When the computer 278 dictates that a printing operation is to begin, a signal appears on channel 290 to start motor 146 to cause blade 186 to begin feeding balls. As the blade rotates, the force of a tooth thereof is exerted on the line of balls between the ball and the sphincter and the last ball being acted on by the tooth so as to dislodge the ball from the sphincter and permit the pressure P1 in the pressure chamber 272 to expand into the barrel 244. As soon as a ball in the sphincter is released, a slug of air from the chamber 272 enters bore 244 so that the ball in effect has atmospheric pressure in front of it and has a higher pressure behind. It starts to move along the bore and the relatively higher pressure air escapes at a higher velocity through the space between the periphery of the ball and the wall of the bore 244. This has the effect of providing an air bearing which prevents the ball from touching the wall of the bore as it moves therealong toward the exit thereof. It can be said that the air pressure integrates the cross-sectional shape of the bore. Since the ball 172 never touches the wall of the bore 244 the range of materials from which the gun can be made is relatively wide.
It will be seen if the velocity of the air escaping around the ball at one location decreases, the velocity on the other side would tend to increase, thus drawing the ball back to the center of the bore. By the time the ball reaches the muzzle of the gun barrel, it is traveling at a speed of from about 20 to about 40 meters per second. At the time the computer commanded the gun to begin firing, the computer puts out command signals on lines 282 and 286 to aim the gun so that the first ball would arrive at the desired location on the platen 20.
After the first ball has been fired, the next ball moves into position in opening 248 to form a seal therewith and the pressure in the chamber 272 again builds up to a value equal to the pressure P. The antechamber 270 is necessary because the process is a dynamic one. That is, as one ball is ejected by the previous ball, there is an influx of air into the antechamber which might affect the path of the ball just being ejected. The antechamber prevents such a result and permits the next ball to be seated in opening 248 before any appreciable pressure buildup begins. As the first ball moves out the sphincter, sensor 216 produces a feedback signal indicating that the first ball has been fired and that the gun should be reoriented by new signals on channels 282 and 286, so that the next ball will arrive at the desired location over the surface of the platen 20. It will be remembered that channels 284 and 288 provide feedback information indicating the position to which the gun was oriented for the first ball. The system continues in this manner until the number of balls making up the program or sub-program have been fired, at which time a new program or sub-program is begun. Preferably I provide about 60% overlap of adjacent dots. I have discovered that this results in a nearly continuous outline appearance to the ordinary observer.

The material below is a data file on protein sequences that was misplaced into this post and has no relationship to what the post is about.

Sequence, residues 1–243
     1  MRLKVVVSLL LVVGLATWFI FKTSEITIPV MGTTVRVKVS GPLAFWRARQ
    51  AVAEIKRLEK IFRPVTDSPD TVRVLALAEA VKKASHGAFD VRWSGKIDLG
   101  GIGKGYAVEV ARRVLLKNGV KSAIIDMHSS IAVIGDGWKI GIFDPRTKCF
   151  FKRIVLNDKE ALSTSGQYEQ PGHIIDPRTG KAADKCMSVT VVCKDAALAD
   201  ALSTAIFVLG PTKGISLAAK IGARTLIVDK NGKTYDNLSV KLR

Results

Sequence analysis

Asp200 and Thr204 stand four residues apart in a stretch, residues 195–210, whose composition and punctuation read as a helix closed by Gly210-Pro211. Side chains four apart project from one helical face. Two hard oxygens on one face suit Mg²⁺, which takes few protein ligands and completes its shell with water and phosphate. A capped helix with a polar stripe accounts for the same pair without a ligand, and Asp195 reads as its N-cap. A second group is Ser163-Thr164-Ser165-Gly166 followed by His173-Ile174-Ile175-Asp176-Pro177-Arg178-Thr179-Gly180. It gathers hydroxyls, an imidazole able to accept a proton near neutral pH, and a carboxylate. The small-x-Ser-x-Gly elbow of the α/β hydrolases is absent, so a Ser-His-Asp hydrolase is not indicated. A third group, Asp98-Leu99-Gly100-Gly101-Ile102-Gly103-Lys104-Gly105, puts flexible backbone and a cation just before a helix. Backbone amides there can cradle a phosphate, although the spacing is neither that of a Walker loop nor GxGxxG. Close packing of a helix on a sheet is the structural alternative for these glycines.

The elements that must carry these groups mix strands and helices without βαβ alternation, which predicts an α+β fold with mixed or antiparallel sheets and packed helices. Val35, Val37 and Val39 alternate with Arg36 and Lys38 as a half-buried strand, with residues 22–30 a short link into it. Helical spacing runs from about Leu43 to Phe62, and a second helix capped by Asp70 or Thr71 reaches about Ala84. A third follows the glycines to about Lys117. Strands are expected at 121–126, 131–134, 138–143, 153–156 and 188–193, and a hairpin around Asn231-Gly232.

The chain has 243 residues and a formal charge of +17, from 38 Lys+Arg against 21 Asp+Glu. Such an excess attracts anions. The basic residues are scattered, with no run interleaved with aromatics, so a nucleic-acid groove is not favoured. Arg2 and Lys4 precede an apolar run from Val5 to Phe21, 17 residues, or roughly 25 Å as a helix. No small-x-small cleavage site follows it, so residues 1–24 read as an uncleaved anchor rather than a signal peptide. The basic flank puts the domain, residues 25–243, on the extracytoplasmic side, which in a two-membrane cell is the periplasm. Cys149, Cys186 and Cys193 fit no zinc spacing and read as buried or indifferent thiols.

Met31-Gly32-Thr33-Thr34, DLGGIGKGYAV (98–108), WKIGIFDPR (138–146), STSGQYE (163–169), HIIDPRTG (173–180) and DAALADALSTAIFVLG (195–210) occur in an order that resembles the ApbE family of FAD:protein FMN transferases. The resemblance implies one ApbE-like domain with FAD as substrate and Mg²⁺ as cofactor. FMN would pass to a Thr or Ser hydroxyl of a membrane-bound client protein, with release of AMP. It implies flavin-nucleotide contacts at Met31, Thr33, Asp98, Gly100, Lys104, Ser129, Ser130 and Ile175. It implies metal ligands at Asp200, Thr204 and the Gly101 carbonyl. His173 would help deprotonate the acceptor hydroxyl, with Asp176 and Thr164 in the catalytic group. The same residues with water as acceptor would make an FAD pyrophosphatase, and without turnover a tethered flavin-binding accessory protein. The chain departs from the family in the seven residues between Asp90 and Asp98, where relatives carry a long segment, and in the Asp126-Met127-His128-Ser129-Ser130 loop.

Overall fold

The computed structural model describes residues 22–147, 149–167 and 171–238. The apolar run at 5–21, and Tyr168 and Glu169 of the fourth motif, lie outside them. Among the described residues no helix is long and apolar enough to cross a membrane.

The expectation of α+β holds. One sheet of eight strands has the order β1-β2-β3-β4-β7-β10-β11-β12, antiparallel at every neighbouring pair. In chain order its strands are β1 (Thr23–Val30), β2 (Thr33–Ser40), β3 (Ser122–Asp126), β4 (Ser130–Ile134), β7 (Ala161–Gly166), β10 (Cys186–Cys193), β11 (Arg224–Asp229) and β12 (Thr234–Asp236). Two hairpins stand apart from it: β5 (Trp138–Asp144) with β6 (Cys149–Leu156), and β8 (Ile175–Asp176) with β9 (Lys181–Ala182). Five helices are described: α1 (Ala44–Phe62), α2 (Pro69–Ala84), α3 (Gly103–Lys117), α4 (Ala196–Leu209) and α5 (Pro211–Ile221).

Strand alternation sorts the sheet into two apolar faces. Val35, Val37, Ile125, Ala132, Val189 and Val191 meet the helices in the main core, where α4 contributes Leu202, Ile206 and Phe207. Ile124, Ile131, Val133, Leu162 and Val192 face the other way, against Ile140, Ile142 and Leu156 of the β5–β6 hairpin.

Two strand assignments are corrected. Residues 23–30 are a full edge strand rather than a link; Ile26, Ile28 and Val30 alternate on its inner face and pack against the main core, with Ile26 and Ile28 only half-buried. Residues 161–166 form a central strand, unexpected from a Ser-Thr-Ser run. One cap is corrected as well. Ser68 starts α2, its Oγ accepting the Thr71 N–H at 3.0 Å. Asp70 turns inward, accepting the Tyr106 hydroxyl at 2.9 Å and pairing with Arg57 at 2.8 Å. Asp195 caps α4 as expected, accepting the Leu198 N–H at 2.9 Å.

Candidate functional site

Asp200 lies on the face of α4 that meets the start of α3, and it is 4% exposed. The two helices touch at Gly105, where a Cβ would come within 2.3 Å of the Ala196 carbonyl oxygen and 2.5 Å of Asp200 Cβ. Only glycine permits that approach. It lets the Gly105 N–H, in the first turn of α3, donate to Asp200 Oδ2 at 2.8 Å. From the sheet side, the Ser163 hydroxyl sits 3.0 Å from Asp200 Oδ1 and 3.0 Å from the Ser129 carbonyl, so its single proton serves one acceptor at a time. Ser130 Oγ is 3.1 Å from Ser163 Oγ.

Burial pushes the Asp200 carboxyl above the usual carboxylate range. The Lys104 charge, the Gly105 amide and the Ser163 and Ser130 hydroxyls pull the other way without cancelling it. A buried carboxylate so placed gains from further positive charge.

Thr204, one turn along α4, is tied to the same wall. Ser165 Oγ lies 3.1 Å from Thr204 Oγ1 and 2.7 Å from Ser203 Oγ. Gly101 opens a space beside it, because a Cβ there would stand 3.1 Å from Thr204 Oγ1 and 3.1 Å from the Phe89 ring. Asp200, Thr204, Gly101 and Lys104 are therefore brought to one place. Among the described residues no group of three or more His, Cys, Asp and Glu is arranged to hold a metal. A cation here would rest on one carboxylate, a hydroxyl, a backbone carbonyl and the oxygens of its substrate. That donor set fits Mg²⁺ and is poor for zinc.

It will be appreciated that while the gun assembly 96 is being pivoted about the point C under the action of the actuators 120 and 122, the rods 126 and 126a thereof are moving axially. That is to say, the forces exerted by the rod heads 128 and 128a are not continuously tangential with relation to a circle the center of which is located at C. As a result, in the absence of compensation, the same linear displacement of a head 128 or 128a will not always produce the same displacement of the ball along that axis in the plane of the platen. I so shape the surface 130 of the designator cam 274 so as to compensate for that fact. The surface 130 is so shaped as to provide the same displacement along the platen surface for a corresponding displacement of a head 128 or 128a at all positions of the head.
It is to be noted that since I deflect my gun assembly 96 about only one point C, the only limitation on the area of the platen 20, which I may cover with one of my units, is the accuracy of the ball path over the distance from the gun muzzle to the platen. With the arrangement shown I have shot balls in very nearly absolutely straight lines over a distance of two to three feet, although in a practical machine the spacing between the gun and the platen will be much less. In a practical system I contemplate firing about 2000 balls per second. The length of the gun barrel and the ball velocity are so related as to permit one ball to be fired from the gun and to permit the gun to be addressed before the next ball is dislodged from the restricted breech 250.